The East Gippsland Shire Council library is a good resource for books on climate change. I have blogged on recent library acquisitions on a number of occasions (see here and here). As I have been working on global warming and renewable energy for many years and am familiar with most of the issues, doing reviews can become a bit tedious and the writing is often delayed. One solution has been to have guest bloggers write reviews (see here and here).
Occasionally the number of pertinent titles can be overwhelming, as is currently the case, as I have three climate books on loan. Two are new acquisitions – Devi Lockwood’s 1001 Voices on Climate Change: everyday stories of flood, fire, drought and displacement from around the world (Tiller Press 2021) and Chris Funk’s Drought, Flood, Fire: how climate change contributes to catastrophes (Cambridge University Press 2021). The third Dave Ritter’s The Coal Truth: the fight to stop Adani, defeat the big polluters, and reclaim our democracy (UWA Publ. 2018) I have previously missed as it has been in our library for some time.
The full titles are self-explanatory and each has praise from well-known commentators and authorities, consecutively Bill McKibben, Michael Mann, and our own Peter Doherty. The Ritter book is specifically Australian and has highly qualified contributing authors in the second part, including Steffen and Hughes from the Climate Council. Lockwood has chapters on Australia and New Zealand and Funk, whose work is about the attribution of extreme weather events to climate change, has a couple of references to our Bureau of Meteorology.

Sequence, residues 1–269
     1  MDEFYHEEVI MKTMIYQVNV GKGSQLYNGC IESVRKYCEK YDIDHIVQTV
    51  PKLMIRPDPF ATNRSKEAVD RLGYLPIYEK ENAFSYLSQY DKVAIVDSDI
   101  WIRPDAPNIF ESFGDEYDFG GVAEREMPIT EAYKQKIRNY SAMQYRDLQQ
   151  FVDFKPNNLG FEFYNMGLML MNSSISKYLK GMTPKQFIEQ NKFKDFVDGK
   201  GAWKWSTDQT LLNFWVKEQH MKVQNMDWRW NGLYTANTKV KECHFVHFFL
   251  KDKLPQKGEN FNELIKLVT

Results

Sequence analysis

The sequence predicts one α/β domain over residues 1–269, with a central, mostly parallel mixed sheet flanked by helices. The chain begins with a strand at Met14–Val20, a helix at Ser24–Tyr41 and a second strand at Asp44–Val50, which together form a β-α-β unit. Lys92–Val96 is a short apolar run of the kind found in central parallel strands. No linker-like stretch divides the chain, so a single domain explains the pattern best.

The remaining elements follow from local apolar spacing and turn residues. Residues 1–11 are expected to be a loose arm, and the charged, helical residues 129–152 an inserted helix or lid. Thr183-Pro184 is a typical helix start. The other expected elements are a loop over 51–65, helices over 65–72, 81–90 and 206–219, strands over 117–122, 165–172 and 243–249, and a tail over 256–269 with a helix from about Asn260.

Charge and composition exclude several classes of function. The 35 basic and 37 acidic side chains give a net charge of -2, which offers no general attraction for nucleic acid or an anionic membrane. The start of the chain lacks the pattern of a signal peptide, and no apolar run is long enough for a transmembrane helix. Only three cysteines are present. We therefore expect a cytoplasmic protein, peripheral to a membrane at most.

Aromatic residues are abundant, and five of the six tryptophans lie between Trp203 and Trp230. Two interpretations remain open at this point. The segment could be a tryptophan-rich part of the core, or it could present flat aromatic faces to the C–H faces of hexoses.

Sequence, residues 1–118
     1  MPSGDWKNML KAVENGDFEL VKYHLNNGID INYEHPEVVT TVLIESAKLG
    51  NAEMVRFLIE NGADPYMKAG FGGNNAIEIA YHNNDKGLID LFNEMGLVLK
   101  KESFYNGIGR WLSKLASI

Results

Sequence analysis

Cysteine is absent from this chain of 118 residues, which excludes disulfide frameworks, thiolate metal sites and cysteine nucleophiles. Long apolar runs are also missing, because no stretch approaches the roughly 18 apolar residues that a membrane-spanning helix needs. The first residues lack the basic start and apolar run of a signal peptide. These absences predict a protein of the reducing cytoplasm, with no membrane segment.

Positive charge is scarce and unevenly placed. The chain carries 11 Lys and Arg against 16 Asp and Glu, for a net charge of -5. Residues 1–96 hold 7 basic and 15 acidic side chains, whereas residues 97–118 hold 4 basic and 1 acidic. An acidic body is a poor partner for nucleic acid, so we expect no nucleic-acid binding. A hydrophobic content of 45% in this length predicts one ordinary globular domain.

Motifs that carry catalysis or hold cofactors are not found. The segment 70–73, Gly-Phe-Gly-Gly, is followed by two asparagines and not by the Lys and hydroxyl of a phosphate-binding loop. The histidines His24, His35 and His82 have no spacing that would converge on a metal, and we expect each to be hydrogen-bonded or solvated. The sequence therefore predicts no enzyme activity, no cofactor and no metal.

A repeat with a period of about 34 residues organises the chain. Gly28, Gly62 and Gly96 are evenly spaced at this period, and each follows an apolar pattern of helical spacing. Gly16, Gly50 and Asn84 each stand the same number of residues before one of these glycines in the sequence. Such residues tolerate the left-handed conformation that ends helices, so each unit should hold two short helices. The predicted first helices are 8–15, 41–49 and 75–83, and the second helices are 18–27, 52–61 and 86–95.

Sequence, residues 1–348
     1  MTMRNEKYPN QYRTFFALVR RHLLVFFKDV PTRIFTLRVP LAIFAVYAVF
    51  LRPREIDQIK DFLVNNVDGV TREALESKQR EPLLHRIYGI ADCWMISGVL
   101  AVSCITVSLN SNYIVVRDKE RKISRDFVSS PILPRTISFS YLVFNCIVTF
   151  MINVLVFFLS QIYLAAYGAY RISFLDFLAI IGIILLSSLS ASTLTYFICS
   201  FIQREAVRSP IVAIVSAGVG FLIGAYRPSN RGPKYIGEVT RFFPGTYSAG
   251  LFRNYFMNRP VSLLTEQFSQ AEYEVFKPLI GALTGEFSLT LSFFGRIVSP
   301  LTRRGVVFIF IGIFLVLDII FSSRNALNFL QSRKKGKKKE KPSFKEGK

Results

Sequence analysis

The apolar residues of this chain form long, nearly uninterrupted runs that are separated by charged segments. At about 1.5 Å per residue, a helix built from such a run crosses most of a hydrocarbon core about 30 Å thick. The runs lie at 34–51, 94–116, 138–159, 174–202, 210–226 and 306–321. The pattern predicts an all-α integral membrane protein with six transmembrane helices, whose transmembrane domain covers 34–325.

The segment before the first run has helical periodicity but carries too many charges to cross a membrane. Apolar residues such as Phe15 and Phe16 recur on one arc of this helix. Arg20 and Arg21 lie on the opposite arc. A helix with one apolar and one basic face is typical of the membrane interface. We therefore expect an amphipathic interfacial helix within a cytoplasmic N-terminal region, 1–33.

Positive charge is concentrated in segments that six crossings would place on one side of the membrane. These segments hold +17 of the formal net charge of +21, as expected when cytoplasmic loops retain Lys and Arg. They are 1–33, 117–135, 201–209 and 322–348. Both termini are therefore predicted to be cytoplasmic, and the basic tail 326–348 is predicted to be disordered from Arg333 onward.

Having praised our library’s resources on climate change readers are warned that the occasional copy of a climate denier’s work sneaks onto the catalogue. The prime example of this is Ian Plimer’s Heaven and Earth which has been refuted by former CSIRO Scientist and mathematician Ian Enting.
With an unofficial and probably long election campaign already in full swing, proper reviews of these books will have to wait.